Braking on all four corners is executed by the capable Porsche Ceramic Composite Brake (PCCB) system and for the first time on fifteen inch rotors. Consisting of ceramic discs and composite pads, the system is lightweight and resistant to corrosion. PCCB reduces the unsprung weight of the braking system by fifty percent.
Four channel ABS comes standard. Attached to the braking system are forged magnesium wheels which weigh less than the tires wrapped around them. Michelin makes the only tire approved for the Carerra GT. They feature a soft compound rubber on the outer one third of the tread. It is suggested by Porsche that these tires need replacement every 15000 miles.
A large rear wing provides down force at the rear of the car. As the car reaches 75 mph (120 km/h) it electro-hydraulically raises an additional 6 inches (16 cm) for increased stability. At top speed the combined down force of the front and rear wheels total 639 pounds (290 kgs). Apart from the wing, most of the Carrera GT's down force comes from its under tray.
The entire tray is manufactured from carbon fiber and is attached to the chassis, engine mounts and crash structure. Creating down force with such a device is efficient as it does not impair the car's drag coefficient. A diffuser and air flow ducts provide additional ground effect. Further aerodynamic attention is applied to the lower wishbones. They are made of efficiently shaped steel tubes which do not interfere with the aerodynamics underneath the car.
To ensure control under all situations, the Carrera GT has a four channel anti-lock braking system and anti-spin control (ASC) to prevent excessive wheel spin. Traction control is standard. 'Should he/she wish to enjoy the thrill of dynamic driving of the highest racing standard the driver can switch off the complete traction control function by pressing a button in the centre console.' says Porsche.
Porsche describe the Carrera's clean interior as a function-oriented ambience and a cockpit free of all extraneous detail. Only high-tech materials such as carbon, magnesium and leather adorn most surfaces. Information is clearly presented in a classic Porsche instrument cluster which replaces the LCD screen featured on the concept car. The car also uses the 911 steering wheel which doesn't follow the F1 trend to stick as many functions on the wheel as possible.
This old-school approach is a refreshing change, contributing to the GT's ambiance and ensuring it will remain a timeless design. Extending into the dash is a centre console covered in magnesium. Attached sits a birch/ash shifter which is the only piece of wood found in this carbon-laden car. It specifically pays homage to Porsche's 917 which sported a balsa-wood gear lever. Balsa was the optimum material for the job, it was extremely light, but most importantly added to the character of the 917.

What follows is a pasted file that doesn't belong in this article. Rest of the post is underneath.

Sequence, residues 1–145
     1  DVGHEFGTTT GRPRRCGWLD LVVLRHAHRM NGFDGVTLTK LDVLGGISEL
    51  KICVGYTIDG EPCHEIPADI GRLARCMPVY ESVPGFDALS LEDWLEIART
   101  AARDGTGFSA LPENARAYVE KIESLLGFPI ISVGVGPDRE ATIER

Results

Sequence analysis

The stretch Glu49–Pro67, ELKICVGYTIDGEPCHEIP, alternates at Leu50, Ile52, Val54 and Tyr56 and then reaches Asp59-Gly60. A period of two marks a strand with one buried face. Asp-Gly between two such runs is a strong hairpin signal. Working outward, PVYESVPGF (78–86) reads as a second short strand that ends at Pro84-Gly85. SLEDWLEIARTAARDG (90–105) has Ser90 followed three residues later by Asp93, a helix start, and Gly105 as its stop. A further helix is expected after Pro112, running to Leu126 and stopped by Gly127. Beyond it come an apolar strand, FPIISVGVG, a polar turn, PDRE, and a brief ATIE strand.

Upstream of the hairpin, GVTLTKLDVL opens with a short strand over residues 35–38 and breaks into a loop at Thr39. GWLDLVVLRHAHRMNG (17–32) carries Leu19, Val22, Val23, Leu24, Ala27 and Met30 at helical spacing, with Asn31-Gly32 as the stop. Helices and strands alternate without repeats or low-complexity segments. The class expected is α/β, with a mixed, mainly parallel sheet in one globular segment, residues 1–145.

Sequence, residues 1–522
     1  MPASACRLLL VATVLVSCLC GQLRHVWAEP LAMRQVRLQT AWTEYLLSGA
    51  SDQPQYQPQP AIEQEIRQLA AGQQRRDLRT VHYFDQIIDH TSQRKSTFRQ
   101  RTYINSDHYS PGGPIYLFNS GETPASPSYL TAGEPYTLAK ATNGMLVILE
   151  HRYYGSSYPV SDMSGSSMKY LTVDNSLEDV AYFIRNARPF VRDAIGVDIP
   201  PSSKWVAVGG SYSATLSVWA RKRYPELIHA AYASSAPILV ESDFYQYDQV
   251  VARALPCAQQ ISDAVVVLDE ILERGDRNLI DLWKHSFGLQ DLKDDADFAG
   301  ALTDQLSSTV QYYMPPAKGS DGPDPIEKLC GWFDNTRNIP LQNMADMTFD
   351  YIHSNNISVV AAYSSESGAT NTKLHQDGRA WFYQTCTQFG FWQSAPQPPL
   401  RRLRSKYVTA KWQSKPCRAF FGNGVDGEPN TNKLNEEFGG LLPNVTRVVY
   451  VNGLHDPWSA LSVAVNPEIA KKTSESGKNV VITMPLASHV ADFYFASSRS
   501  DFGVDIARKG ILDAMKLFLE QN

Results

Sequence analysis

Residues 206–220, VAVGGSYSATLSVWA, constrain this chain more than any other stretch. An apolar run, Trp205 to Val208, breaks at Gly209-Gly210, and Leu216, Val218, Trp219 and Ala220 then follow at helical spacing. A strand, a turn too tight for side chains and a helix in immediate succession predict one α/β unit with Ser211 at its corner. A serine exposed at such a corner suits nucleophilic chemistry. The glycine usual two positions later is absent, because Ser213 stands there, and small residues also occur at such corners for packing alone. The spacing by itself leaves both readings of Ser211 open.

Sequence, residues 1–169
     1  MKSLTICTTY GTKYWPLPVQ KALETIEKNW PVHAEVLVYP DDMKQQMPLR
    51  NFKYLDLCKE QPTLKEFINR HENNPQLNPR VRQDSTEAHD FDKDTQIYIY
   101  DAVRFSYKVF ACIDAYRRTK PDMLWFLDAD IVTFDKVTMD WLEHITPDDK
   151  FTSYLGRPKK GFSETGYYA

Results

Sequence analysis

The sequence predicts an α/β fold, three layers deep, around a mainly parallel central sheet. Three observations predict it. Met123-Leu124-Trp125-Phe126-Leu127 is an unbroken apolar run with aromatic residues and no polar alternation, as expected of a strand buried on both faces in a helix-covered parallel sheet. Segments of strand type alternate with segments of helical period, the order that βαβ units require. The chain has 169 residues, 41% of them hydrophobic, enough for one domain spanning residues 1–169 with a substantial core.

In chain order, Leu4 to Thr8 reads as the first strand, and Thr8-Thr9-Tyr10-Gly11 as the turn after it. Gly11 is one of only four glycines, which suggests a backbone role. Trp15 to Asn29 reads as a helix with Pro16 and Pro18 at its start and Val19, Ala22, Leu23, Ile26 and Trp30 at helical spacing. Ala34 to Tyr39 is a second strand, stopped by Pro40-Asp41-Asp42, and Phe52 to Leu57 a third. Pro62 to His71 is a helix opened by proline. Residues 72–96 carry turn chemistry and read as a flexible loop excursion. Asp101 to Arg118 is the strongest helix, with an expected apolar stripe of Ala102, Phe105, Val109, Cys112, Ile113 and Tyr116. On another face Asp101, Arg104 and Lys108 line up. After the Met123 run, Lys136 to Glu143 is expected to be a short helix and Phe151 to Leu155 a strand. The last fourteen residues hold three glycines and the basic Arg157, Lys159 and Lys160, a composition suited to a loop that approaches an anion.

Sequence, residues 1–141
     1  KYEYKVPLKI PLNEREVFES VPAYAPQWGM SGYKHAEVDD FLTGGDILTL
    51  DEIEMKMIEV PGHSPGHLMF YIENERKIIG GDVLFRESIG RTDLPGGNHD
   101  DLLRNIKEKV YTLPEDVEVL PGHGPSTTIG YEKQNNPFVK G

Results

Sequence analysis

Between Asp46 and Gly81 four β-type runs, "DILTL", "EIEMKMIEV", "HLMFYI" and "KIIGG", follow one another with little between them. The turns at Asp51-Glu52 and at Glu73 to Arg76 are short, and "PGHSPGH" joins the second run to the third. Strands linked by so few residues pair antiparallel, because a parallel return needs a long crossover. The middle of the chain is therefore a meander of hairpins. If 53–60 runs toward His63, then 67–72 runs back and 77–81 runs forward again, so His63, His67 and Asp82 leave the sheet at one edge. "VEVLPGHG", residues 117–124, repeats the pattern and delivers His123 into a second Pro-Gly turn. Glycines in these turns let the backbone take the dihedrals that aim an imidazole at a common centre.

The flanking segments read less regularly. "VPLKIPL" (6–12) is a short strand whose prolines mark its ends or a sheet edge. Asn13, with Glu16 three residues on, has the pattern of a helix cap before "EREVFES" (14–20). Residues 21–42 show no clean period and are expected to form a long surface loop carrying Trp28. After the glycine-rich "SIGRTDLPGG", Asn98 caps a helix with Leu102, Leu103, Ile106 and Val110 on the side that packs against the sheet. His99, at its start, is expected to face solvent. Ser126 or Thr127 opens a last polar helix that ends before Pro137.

Amenities such a Bose stereo system and air conditioning are optionally offered. For closed top driving, two carbon fiber panels can be attached to the roof. At a low weight of just 6.4 lbs (2.4 kgs) each, these panels are easily removable and can be stored in the front luggage compartment.
Enzo vs Carrera
Comparison between the Carrera GT and Ferrari Enzo is inevitable. Both entered the market at the top of the product range and both place heavy emphasis on driver-oriented driving, but each executes this philosophy in a different way. Where the Enzo has three driving modes, and a huge bevy of electronic systems, the Carrera is stripped down to basic performance.
This is largely due to the fact that the Carrera only has a 6-Speed Manual whereas the Enzo is equipped with a paddle-shift, computer controlled, 6-speed sequential. Getting back to basics is somewhat cheaper, since the Carrera GT was $444,400 when new compared to the $660 000 USD Enzo. With regards to pure performance, the Enzo does have 48 more horsepower (35.8 kW), and weighs 33 lbs (15 kgs) less which would make it win on any straight.
The Carrera GT on the other hand, offers much more down force and might possibly catch up in the turns. In any case, if either car is superior, the margin is so narrow that it's more a question of driver skill.
Despite announcing a total production of 1500 units, only 1270 came from the factory in Saxony. Porsche stopped after airbag regulations changed in the US. It is also important to mention that the Carrera GT wasn't meant to become the fastest road legal supercar. Had Porsche tried to chase the McLaren's performance figures, production (planned at 1500 cars), profitability and comfort would have suffered. Most cars came in the standard colors of Guards Red, Fayence Yellow, Basalt Black, GT Silver or Seal Grey, but custom colors were available.